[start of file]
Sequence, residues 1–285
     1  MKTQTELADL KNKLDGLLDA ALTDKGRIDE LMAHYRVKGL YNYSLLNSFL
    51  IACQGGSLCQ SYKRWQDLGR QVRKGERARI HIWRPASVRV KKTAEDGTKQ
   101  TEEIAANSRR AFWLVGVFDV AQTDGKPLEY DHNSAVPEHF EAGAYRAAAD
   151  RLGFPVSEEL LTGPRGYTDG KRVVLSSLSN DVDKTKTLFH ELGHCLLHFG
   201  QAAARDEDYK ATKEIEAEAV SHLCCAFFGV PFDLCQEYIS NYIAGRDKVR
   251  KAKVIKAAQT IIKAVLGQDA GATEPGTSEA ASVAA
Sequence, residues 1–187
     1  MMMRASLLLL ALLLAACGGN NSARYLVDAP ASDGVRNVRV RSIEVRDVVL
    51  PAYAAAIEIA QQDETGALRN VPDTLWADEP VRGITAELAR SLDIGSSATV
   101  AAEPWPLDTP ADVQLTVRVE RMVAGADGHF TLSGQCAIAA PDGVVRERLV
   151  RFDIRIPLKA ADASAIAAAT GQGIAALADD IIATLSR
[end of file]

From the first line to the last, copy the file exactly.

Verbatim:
Sequence, residues 1–285
     1  MKTQTELADL KNKLDGLLDA ALTDKGRIDE LMAHYRVKGL YNYSLLNSFL
    51  IACQGGSLCQ SYKRWQDLGR QVRKGERARI HIWRPASVRV KKTAEDGTKQ
   101  TEEIAANSRR AFWLVGVFDV AQTDGKPLEY DHNSAVPEHF EAGAYRAAAD
   151  RLGFPVSEEL LTGPRGYTDG KRVVLSSLSN DVDKTKTLFH ELGHCLLHFG
   201  QAAARDEDYK ATKEIEAEAV SHLCCAFFGV PFDLCQEYIS NYIAGRDKVR
   251  KAKVIKAAQT IIKAVLGQDA GATEPGTSEA ASVAA
Sequence, residues 1–187
     1  MMMRASLLLL ALLLAACGGN NSARYLVDAP ASDGVRNVRV RSIEVRDVVL
    51  PAYAAAIEIA QQDETGALRN VPDTLWADEP VRGITAELAR SLDIGSSATV
   101  AAEPWPLDTP ADVQLTVRVE RMVAGADGHF TLSGQCAIAA PDGVVRERLV
   151  RFDIRIPLKA ADASAIAAAT GQGIAALADD IIATLSR